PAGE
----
Yale New Haven Health System is a great example. Several years back, Yale acquired the Hospital of St. Raphael, a nearby community hospital, and began the very difficult process of integrating it with its flagship hospital campus. Lots of disruption, lots of uncertainty. It was critical that everyone on both sides see the value of working as one.

So Yale New Haven's leadership did something very important: They made conspicuous, concrete commitments to and investments in the new facility. The goal was not that St. Raphael be part of Yale New Haven, or that it be owned by, or operated by, or integrated with, Yale New Haven. The goal was that St. Raphael be Yale New Haven. In the eyes of patients, physicians, staff, insurers, regulators, and anyone else, the level of quality and service must be identical. The St. Raphael campus couldn't be treated any differently than you'd treat the 3rd and 4th floors of your tower. So it was crucial to put high-end services there to signal that unity—that systemness—to all parties.

Now, the system takes not just legal ownership but moral ownership of bringing that hospital up to that brand's standard. It's when people work together and then realize that everyone's financial performance improved in a measurable way, that's when they say, "Maybe there is something to this whole systemness thing."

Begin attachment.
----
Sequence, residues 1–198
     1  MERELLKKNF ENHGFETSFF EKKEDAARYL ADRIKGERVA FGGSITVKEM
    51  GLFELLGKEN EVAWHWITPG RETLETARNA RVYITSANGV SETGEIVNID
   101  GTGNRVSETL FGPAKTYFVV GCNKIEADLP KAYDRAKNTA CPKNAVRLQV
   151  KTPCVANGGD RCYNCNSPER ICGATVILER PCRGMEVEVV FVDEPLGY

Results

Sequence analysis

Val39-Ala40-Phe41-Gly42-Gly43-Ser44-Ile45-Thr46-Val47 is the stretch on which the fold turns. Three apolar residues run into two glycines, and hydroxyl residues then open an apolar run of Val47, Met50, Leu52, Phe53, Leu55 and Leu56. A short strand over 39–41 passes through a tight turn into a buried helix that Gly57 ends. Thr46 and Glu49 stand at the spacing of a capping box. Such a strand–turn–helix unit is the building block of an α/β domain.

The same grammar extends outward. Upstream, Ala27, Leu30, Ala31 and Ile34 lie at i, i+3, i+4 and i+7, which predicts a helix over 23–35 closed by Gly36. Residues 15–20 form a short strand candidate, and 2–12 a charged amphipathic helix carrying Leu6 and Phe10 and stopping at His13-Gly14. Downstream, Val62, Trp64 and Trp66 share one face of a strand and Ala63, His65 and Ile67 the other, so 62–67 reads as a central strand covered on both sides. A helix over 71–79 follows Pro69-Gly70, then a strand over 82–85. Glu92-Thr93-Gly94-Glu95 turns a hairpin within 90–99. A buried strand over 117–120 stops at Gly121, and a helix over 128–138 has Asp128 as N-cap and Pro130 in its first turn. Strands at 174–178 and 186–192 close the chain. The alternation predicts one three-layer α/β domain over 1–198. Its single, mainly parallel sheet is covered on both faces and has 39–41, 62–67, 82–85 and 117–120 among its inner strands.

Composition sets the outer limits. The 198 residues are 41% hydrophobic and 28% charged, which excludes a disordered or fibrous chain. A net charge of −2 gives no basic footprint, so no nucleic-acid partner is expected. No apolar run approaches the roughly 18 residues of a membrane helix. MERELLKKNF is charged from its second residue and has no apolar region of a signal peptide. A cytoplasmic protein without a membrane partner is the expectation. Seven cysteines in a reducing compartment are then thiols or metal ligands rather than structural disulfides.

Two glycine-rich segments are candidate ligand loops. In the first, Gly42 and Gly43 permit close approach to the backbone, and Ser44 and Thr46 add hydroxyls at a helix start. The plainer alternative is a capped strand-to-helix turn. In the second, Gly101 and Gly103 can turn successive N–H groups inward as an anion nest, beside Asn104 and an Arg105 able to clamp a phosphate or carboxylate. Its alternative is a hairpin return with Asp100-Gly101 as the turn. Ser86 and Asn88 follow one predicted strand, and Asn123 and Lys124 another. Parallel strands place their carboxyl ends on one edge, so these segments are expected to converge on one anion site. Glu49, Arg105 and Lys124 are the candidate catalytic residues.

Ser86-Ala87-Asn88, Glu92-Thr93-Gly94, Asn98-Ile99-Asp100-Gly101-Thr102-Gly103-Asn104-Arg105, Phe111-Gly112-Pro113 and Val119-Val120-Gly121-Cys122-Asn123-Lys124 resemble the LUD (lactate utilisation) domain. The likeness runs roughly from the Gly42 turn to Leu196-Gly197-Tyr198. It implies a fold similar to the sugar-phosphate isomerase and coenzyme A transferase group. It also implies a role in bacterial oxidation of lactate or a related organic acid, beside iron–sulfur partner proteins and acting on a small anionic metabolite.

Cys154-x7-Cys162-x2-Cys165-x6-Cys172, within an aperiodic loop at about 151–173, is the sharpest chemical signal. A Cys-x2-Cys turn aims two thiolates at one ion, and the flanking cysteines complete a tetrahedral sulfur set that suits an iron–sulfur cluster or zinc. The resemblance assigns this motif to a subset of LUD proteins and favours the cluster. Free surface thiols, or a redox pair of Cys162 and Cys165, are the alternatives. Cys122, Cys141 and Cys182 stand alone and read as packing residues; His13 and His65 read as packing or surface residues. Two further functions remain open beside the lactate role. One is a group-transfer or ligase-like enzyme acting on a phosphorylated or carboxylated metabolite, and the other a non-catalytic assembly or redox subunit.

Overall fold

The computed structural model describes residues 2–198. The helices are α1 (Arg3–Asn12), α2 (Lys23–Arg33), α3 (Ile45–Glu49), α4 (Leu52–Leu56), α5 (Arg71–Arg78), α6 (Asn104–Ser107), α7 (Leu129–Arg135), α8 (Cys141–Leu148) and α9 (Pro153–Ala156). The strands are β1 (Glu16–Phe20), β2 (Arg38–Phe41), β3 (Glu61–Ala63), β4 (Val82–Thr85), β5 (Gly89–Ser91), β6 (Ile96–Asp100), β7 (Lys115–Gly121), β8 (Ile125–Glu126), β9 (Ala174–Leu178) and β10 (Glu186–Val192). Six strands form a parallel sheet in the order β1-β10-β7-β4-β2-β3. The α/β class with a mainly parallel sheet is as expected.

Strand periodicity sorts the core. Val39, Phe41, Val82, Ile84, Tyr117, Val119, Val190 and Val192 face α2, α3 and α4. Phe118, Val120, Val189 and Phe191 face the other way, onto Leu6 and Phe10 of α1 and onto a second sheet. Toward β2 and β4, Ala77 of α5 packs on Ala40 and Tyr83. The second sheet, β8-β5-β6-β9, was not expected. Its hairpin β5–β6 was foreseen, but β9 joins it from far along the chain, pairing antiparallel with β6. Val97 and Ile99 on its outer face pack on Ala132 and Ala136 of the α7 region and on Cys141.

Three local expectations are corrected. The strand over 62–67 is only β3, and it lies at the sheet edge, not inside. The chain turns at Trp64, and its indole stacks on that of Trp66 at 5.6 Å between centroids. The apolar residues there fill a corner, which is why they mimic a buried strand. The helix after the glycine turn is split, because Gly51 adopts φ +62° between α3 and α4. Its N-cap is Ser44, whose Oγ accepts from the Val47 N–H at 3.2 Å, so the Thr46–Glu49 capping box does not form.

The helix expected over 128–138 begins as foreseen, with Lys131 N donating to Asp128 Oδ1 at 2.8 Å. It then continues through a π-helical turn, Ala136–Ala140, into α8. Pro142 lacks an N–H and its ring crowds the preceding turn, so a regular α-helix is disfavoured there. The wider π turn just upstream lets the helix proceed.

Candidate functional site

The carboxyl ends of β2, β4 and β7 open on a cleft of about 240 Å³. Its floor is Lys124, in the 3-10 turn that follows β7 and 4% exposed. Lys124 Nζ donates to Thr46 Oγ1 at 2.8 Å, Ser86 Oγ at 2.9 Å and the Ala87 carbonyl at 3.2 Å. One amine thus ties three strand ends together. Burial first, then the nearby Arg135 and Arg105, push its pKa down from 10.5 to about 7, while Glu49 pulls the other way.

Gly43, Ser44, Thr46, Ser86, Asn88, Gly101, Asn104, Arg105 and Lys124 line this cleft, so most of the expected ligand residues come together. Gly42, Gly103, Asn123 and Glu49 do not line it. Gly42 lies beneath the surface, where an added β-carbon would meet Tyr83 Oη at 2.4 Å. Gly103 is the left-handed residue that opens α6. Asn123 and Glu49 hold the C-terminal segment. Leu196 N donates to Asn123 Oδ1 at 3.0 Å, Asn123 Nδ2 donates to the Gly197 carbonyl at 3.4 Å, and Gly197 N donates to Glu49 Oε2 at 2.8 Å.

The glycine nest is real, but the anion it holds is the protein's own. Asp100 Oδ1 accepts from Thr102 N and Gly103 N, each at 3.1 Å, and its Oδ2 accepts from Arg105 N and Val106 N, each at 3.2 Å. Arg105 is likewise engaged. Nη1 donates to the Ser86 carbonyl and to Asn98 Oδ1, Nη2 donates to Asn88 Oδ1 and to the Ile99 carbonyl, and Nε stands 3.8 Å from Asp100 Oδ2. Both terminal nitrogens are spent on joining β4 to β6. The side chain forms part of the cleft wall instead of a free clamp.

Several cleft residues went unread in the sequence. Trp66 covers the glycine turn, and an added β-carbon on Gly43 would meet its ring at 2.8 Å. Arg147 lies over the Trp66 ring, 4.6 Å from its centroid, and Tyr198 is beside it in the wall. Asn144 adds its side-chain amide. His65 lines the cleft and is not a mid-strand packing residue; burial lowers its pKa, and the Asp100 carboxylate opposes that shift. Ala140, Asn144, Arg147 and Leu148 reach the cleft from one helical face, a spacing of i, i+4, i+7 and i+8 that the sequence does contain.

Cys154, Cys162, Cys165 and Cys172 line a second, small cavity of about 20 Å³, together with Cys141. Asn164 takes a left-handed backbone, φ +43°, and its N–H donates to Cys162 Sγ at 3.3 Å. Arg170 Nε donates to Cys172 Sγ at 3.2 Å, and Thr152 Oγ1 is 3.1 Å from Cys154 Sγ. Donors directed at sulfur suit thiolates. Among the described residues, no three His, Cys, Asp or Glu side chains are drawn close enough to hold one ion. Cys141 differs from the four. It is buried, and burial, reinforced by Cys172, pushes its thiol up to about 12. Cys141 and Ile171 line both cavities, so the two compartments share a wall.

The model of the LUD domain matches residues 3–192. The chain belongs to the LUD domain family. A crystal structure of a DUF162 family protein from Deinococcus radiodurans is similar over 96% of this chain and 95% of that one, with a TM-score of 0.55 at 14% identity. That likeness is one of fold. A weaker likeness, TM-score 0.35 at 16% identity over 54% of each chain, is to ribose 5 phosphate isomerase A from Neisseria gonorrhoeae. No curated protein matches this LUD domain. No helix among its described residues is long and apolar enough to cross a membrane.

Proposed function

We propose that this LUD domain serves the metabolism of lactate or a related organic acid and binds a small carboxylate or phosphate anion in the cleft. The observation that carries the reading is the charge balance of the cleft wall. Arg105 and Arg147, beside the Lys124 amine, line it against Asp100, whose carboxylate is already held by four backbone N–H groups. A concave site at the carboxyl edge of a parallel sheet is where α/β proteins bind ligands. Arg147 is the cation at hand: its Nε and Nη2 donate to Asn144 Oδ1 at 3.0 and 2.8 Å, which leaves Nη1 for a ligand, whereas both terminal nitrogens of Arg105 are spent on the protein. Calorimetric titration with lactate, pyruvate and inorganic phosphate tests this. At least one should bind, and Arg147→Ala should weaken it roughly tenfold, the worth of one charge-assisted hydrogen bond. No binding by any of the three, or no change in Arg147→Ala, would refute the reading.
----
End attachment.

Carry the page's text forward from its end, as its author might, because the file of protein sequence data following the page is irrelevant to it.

Q: That's a story about an acquisition—is systemness really about M&A strategy?

Umansky: Not at all. But there is a lot of opportunity during a new M&A, because people are expecting change. Not to say it's easy—the various parties all have their different ways of going about things, and they've been doing them their way forever. But uprooting the status quo years after becoming a system might be harder than doing so when the iron is still hot.

Q: How can leadership at established systems begin to uproot these entrenched cultures?


Umansky: It starts by building trust. Take Banner Health, a recognized leader in driving down unwarranted care variation. Banner's got an amazing structure for developing, implementing, and tracking clinical standards, but they didn't impose that on all their physicians overnight. Banner started with one service line: cardiovascular (CV) surgery. It was a natural choice because there's tons of evidence-based medicine there already, but just as important, CV surgery is  prominent, it's a big part of the bottom line, and the surgeons are respected. Success there would turn a lot of heads.

More: How Banner Health achieved more than $29 million in savings by improving its system-wide clinical care standards

So when Banner got it right in cardiovascular surgery, they broadcast that success. By showing leaders in other service lines real improvements in quality and cost savings, Banner built momentum that eventually reshaped the entire clinical enterprise.

Q: Is that just to say, 'Start small?'

Umansky: No! This isn't about looking for low-hanging fruit. It's about finding the successes that will give you the most momentum and the most leverage for the future. As a system, you need to decide: What's the one area you're going to throw your backs into? Pick the area where people will recognize the improvements and realize that it's worth working together.